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Eliza Roxcy Snow
As a leader of women, Eliza Roxcy Snow’s influence was unparalleled. She was present at the organization of the Nauvoo Female Relief Society on March 17, 1842, and as its first secretary carefully preserved and transported the organization’s minutes across the plains to Utah. She instructed the women from these minutes when Brigham Young called her in 1867 to travel to individual wards and stakes to reestablish the society Churchwide. She led the Relief Society in enterprises such as grain storage, silk culture, medical training, home industry, and political activism. She chaired the governing board of Deseret Hospital and presided over women’s temple ordinance work in Salt Lake City and St. George. Proclaimed “Zion’s poetess” by the Prophet Joseph Smith, she left a legacy of nearly five hundred poems on historical, occasional, doctrinal, and sometimes personal themes. Eliza’s gift for versifying became apparent as a schoolgirl when she surprised her teachers by submitting her assignments in rhyme. Beginning in 1825 her poems appeared in more than a dozen different publications, including the Messenger and Advocate, The Wasp, Times and Seasons, Nauvoo Neighbor, Deseret News, Millennial Star, Juvenile Instructor, The Mormon, and Woman’s Exponent. Early work appeared under pen names such as Angerona, Narcissa, Tullia, and Ironica. Her first volume of poetry, Poems, Religious, Historical and Political, was published in 1856 with volume two following in 1877. A promise made in her patriarchal blessing that many songs that “were dictated by [her] pen” would be heard by future generations has seen fulfillment as Latter-day Saint hymnbooks from 1835 to the present have included her compositions. In a fitting tribute, the annual poetry contest sponsored by the Relief Society bears her name. [from Discoveries: Two Centuries of Poems from Mormon Women, 100]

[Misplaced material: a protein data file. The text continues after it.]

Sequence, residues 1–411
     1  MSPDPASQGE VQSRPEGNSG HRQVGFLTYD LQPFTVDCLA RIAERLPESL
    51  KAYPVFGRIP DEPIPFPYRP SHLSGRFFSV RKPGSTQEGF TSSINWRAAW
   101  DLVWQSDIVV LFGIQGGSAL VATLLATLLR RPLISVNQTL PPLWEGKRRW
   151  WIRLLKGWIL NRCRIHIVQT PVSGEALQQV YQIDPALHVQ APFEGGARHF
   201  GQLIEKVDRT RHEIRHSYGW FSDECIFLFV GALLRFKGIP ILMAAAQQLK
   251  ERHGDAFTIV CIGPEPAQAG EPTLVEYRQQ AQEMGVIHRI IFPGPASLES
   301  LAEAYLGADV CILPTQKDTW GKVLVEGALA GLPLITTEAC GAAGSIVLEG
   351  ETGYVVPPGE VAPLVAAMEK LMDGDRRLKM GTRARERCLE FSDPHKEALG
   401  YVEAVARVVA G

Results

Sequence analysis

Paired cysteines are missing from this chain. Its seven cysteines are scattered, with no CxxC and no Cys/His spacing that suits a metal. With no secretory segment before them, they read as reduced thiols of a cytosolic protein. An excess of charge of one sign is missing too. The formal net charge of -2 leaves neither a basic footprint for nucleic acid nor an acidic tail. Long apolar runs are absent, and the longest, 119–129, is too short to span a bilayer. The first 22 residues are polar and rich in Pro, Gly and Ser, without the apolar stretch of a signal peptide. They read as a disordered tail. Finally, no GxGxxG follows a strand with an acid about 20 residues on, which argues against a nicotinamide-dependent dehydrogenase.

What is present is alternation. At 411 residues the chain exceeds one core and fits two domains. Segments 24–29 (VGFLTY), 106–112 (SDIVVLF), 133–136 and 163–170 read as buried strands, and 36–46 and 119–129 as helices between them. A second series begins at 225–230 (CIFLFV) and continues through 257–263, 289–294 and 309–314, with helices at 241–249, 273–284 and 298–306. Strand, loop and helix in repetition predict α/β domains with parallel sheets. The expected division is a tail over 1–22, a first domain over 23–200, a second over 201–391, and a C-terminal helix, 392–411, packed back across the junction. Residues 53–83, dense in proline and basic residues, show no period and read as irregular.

Included in 75 Significant Mormon Poets

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Also Known As Eliza R. Snow; Eliza Roxey Snow; Eliza R Snow
Birth Date 1804
Death Date 1887
Birth Place Becket, Berkshire County, Massachusetts
Spouse Plural wife of Joseph Smith on June 29, 1842. After his death, she married Brigham Young in 1849.
Career Teacher in a school for girls in Kirtland, Ohio and Nauvoo, Illinois.
Governess to the Prophet Joseph Smith's family.
Secretary of the first Relief Society organized in
Nauvoo in 1842
President of the Relief Society, 1866.
Director of the women's work in the Endowment House.
Assistend in organizing the Primary Association.
President of the board of directors of the Deseret Hospital Association in 1881.
Other Biographical Information Resided in the Lion House until her death.

Works by Eliza Roxcy Snow
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The Personal Writings of Eliza Roxcy Snow1995Diary / Journal Collection
Eliza R. Snow's Nauvoo Journal1975Diary / Journal
Again We Meet Around the Board1985Music Lyrics
Awake, Ye Saints of God, Awake!1985Music Lyrics
Behold the Great Redeemer Die1985Music Lyrics
Great Is the Lord1985Music Lyrics
How Great the Wisdom and the Love1985Music Lyrics
Though Deepening Trials1985Music Lyrics
The Time Is Far Spent1985Music Lyrics
Truth Reflects upon Our Senses1985Music Lyrics
In Our Lovely Deseret1969Music Lyrics
O My Father1895Music Lyrics
Poems--Religious, Historical, and Political, 2 Vol1983Poetry
To Mrs. V. Kimball1977Poetry
Be Not Discouraged1974Poetry
How Great the Wisdom and the Love1974Poetry
Invocation, or the Eternal Father and Mother1974Poetry
Mental Gas1974Poetry
My First View of a Western Prairie1974Poetry
My Own- My Country's Flag1941Poetry
The Transformation1941Poetry
Response to the Power of Song1884Poetry
On the Mount of Olives1880Poetry
Poems--Religious, Historical, and Political, 2 vols.1877Poetry

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